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The Men Who Stare at Goats

The American military has always been at the forefront of technological innovation, often working on the fringes of scientific credibility in its constant search for new ways to locate and eliminate its enemies. At times, its eagerness to gain an edge over its adversaries has led it to some strange, dark places, many of which are chronicled in The Men Who Stare at Goats, British author Jon Ronson's true-life account of the U.S. government's efforts to create an army of "psychic supersoldiers" in the aftermath of Vietnam.

If you're not familiar with the world of psychic warfare (and really, why would you be?), the book's title refers to an experiment conducted during the 1980s at Fort Bragg, North Carolina, in which specially-trained soldiers, using methods culled from the top-secret First Earth Battalion Operations Manual, attempted to stop the heart of a goat using nothing but the power of the mind. The ultimate goal, obviously, was to develop the skill for eventual use on enemy combatants.

Chock full of similarly wild yet credible stories, The Men Who Stare at Goats' strange-but-true subject matter lends itself perfectly to film adaptation. Its structure — a disparate collections of loosely-related vignettes covering over a thirty-year timespan — does not. Nevertheless, director Grant Heslov and screenwriter Peter Straughan gave it a shot anyway, refashioning the material to such an extent that the movie is no longer "based upon" Ronson's book, but instead merely "inspired by" it.

Thankfully, Heslov wisely kept intact two of the book's greatest strengths: its lively, irreverent tone and its fascinating array of colorful characters. The latter is no doubt what attracted the film's star-studded cast, led by George Clooney as Lyn Cassady, a fidgety veteran of the "psychic spy" brigade whose chance meeting with journalist Bob Wilton, Ronson's on-screen counterpart (played as an American, ironically, by UK actor Ewan McGregor), provides the catalyst for the storyline.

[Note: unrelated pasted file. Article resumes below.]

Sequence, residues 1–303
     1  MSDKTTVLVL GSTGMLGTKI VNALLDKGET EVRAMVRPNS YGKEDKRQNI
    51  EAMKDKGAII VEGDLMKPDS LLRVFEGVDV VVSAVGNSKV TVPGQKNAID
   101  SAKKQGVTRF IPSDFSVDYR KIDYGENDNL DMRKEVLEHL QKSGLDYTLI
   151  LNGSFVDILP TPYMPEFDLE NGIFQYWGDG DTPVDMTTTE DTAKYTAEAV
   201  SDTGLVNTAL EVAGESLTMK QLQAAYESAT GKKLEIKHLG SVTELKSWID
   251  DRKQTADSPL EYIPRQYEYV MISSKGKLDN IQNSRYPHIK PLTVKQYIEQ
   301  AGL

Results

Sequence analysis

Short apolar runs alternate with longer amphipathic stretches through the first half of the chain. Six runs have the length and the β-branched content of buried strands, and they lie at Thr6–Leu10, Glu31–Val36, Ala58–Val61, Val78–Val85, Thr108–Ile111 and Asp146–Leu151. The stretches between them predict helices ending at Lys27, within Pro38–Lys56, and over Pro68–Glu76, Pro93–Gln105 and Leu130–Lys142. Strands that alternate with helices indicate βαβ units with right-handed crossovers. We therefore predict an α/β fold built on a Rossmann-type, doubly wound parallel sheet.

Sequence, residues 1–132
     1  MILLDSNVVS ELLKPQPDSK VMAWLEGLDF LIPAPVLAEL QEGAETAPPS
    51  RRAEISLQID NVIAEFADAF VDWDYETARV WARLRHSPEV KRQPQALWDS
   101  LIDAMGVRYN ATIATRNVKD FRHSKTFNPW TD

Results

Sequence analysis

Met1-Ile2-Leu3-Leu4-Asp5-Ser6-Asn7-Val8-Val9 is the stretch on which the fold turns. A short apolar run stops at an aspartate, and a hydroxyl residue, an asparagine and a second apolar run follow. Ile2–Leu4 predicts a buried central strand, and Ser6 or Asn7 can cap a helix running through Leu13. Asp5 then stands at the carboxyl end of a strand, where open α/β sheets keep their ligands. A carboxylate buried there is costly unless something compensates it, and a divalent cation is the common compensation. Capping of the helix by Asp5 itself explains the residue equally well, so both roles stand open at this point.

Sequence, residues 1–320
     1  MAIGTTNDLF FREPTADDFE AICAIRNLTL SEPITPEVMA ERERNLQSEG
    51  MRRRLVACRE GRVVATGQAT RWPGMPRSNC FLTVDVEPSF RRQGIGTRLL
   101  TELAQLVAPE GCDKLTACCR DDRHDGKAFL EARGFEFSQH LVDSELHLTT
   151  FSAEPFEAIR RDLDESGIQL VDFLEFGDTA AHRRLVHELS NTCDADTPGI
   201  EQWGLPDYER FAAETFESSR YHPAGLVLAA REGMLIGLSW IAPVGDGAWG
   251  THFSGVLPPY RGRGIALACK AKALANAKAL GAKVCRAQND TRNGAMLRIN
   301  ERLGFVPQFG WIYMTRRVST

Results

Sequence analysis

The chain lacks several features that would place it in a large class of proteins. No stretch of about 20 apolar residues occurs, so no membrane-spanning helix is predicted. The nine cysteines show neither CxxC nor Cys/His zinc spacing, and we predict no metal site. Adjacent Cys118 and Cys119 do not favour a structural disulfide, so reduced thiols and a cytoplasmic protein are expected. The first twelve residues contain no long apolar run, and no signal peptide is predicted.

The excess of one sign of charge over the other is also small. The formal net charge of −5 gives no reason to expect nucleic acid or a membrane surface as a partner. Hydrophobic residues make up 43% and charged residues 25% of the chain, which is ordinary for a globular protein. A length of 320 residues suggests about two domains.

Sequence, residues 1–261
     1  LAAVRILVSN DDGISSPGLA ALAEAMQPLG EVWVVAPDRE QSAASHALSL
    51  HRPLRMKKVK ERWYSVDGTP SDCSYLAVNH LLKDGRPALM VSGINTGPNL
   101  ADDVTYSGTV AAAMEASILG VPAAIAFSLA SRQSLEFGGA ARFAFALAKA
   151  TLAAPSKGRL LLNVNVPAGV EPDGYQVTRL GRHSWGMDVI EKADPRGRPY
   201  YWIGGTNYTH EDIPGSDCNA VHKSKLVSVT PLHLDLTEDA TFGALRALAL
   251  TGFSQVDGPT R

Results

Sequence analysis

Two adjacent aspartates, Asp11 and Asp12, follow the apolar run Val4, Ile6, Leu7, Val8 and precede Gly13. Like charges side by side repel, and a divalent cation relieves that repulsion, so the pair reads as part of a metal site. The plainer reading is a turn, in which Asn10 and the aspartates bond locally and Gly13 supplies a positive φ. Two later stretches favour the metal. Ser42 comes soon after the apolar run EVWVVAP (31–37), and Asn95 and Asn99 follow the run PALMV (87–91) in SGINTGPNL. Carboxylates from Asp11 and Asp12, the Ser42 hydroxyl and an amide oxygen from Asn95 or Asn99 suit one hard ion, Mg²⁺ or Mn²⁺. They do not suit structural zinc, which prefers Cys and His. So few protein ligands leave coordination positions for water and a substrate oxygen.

As Cassady squires Wilton through the Iraqi desert en route, he claims, to contracting gig, he regales the awestruck reporter with stories of the New Earth Army and its founder, a Vietnam vet-turned-New Age acolyte named Bill Django (Jeff Bridges). In the early 80s, Django, now a ponytailed flower child, managed to obtain army approval to spearhead a pilot program that would to train a legion of "warrior monks" to read minds, pass through walls and disable enemies through a wide variety of non-lethal methods.

Any program like the New Earth Army is bound to attract its share of bad apples, amoral folk who aim to use its teachings to enrich themselves and cause harm to others. In The Men Who Stare at Goats, the entire rotten orchard is represented by Larry Hooper (Kevin Spacey), a sleazy, manipulative charlatan whose devious machinations ultimately serve to bring down the entire operation.

The Men Who Stare at Goats is at its loopy best as Cassady cycles through various off-the-wall anecdotes of Django and his increasingly bizarre training methods. But it falls apart when Heslov attempts to weave it all into a coherent storyline, complete with a climax centered on a hairbrained scheme to spike the water supply at an American fort with LSD. It's understandable that Heslov felt compelled to invent something that could bring some resolution to the story, but getting everyone high on acid? It sounds like a gimmick stolen from one of the lesser Revenge of the Nerds sequels.

Needless to say, that last part wasn't in Ronson's book. rated this film 3 stars.